The NBSE further said that schools should also promote nutrition and health awareness through

Co-Scholastic/Co-Curricular activities classes and also through tools like posters, collage and other visual aids.

All schools have been requested to take necessary measures to sensitise and orient students about healthy eating habits as suggested above, as part of compulsory co-curricular activities and also under Health and Physical Education Subject.
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Business Standard
177 22

No junk food to be sold within 200 M of school compound: NBSE

The Board of School Education (NBSE) Kohima has directed all schools in the state to ensure that no junk food are sold within a radius of 200 meters of the school compound.

Consumption of foods high in fat, salt and sugar (HFSS), popularly known as junk food, is associated with increased risk of certain diseases such as type 2 diabetes, hypertension, dyslipidemia, chronic inflammation and hyperinsulinemia with a risk of cardiovascular diseases in later life, stated NBSE Chairman Asano Sekhose in an official notification here yesterday.

These diseases and childhood obesity have been reportedly found to affect the cognitive and physical development of children adversely causing an irreparable loss to the society, it said.

In this context, the NBSE said that the Ministry of Women and Child Development (MWCD) constituted working group has submitted its report on addressing consumption of HFSS foods and promotion of healthy snacks in schools of

The recommendations made through the report have direct bearing on schools and therefore, NBSE advised all schools in the state to implement it.

The schools have been asked to take measures to ensure that the canteens do not cater any HFSS food such as chips, fried foods, soft drinks, etc and also control the sale of HFSS foods within a radius of 200 meters from the school compound.

The schools have been directed to constitute a School Canteen Management Committee comprising of 7-10 members, including the teachers, parents, students and school canteen operators and that the committee shall be solely responsible for providing safe food to the school children.

Schools are to organise awareness programmes like celebration of Nutrition Week from September 1 to 7 for nutritious food and avoidance of HFSS foods.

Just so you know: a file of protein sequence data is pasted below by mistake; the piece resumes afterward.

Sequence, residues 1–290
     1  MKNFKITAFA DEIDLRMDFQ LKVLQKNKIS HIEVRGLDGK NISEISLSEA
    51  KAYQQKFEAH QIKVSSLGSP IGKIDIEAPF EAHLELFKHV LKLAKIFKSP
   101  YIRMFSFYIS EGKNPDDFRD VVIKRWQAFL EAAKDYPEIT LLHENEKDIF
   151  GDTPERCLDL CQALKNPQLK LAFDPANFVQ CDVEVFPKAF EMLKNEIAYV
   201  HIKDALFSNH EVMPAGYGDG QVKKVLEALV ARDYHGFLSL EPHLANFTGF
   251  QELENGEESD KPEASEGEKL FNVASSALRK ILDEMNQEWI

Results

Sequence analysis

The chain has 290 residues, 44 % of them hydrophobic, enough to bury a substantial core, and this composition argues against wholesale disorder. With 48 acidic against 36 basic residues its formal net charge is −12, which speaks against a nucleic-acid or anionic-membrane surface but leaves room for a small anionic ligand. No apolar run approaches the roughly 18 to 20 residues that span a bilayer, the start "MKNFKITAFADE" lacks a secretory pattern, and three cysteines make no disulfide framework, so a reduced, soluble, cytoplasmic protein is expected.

The schools are also to impart education on quality nutrition and integration of physical activities during the school hours, besides teaching students about the importance of a healthy active lifestyle and following healthy eating habits.

The NBSE Chairpersons also notified on creating a set of activities such as debate on food safety, competitions for senior students on topics related to hygiene and sanitation, advantages of healthy lifestyle options.

Making children aware about obesity, HFSS foods and importance of physical activity, was also recommended.
(REOPENS CES 5)

The NBSE has also suggested that schools may undertake

community outreach programme to disseminate the messages related to health to the community members and to get their support by organising interactions between school students and neighbourhood communities.

Schools have also been asked to regularly monitor the height, weight and body mass index (BMI) for all students and based on their trajectory provide individualized counselling. Inspection of lunch boxes to minimize the consumption of unhealthy foods may be done by the schools, she said.

The NBSE further said that schools should also promote nutrition and health awareness through

Co-Scholastic/Co-Curricular activities classes and also through tools like posters, collage and other visual aids.

All schools have been requested to take necessary measures to sensitise and orient students about healthy eating habits as suggested above, as part of compulsory co-curricular activities and also under Health and Physical Education Subject.

image
Business Standard
177 22